Allergic disease and sensitization in Steiner school children


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Allergic disease and sensitization in Steiner school children is a well-researched topic, it is to be used as a guide or framework for your Academic Research


Background: The anthroposophic lifestyle has several features
of interest in relation to allergy: for example, a restrictive use
of antibiotics and certain vaccinations. In a previous Swedish
study, Steiner school children (who often have an anthro-
posophic lifestyle) showed a reduced risk of atopy, but
specific protective factors could not be identified.
Objective: To investigate factors that may contribute to the
lower risk of allergy among Steiner school children.
Methods: Cross-sectional multicenter study including 6630
children age 5 to 13 years (4606 from Steiner schools and
2024 from reference schools) in 5 European countries.
Results: The prevalence of several studied outcomes was lower
in Steiner school children than in the reference group. Overall,
there were statistically significant reduced risks for
rhinoconjunctivitis, atopic eczema, and atopic sensitization
(allergen-specific IgE $0.35 kU/L), with some heterogeneity
between the countries. Focusing on doctor-diagnosed disease,
use of antibiotics during first year of life was associated with
increased risks of rhinoconjunctivitis (odds ratio [OR], 1.97;
95% CI, 1.26-3.08), asthma (OR, 2.79; 95% CI, 2.03-3.83), and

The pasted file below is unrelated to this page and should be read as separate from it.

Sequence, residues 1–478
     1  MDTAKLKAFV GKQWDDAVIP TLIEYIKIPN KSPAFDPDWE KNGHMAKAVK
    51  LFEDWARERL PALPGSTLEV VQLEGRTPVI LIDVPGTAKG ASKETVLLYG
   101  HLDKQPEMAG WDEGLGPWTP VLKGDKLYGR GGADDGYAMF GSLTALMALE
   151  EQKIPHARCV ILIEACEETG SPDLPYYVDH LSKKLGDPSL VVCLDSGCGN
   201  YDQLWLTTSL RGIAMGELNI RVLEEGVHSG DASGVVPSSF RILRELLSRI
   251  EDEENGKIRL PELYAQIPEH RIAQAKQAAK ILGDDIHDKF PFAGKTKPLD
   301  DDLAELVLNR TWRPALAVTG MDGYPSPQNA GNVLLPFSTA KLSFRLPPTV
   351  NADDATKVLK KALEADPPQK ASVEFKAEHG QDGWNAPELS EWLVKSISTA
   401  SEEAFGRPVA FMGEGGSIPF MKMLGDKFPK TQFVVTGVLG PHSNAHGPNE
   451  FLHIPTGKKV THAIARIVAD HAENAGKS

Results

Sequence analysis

atopic eczema (OR, 1.63; 95% CI, 1.22-2.17). Early use of
antipyretics was related to an increased risk of asthma (OR,
1.54; 95% CI, 1.11-2.13) and atopic eczema (OR, 1.32; 95% CI,
1.02-1.71). Children having received measles, mumps, and rubella
vaccination showed an increased risk of rhinoconjunctivitis,
whereas measles infection was associated with a lower risk
of IgE-mediated eczema.
Conclusion: Certain features of the anthroposophic lifestyle,
such as restrictive use of antibiotics and antipyretics, are
associated with a reduced risk of allergic disease in children.


The prevalence of IgE-mediated allergic diseases has
increased markedly during the past decades, especially
in children,1,2 although recent reports indicate that the
occurrence has stabilized.3 The causes behind these trends
are largely unknown. Factors increasing the risk have re-
ceived the greatest attention, but in recent years, attention
has also focused on possible protective factors, such as liv-
ing on a farm4 and specific probiotic strains.5 To identify
protective factors, it is of interest to study groups in the
population with a low prevalence of allergy, such as chil-
dren from anthroposophic families.6 The anthroposophic
lifestyle includes factors like a restrictive use of antibi-
otics, antipyretics, and vaccinations, and often a biody-
namic diet.6 An earlier study was conducted in a limited
community of anthroposophic families, showing a lower
prevalence of childhood allergy,6 but specific protective
factors could not be identified.
The aim of this study was to identify possible protective
factors for allergy associated with the anthroposophic
lifestyle. The study subjects include school children from
Steiner schools, who often come from anthroposophic


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Project Topic and Material


Allergy and Clinical Immunology

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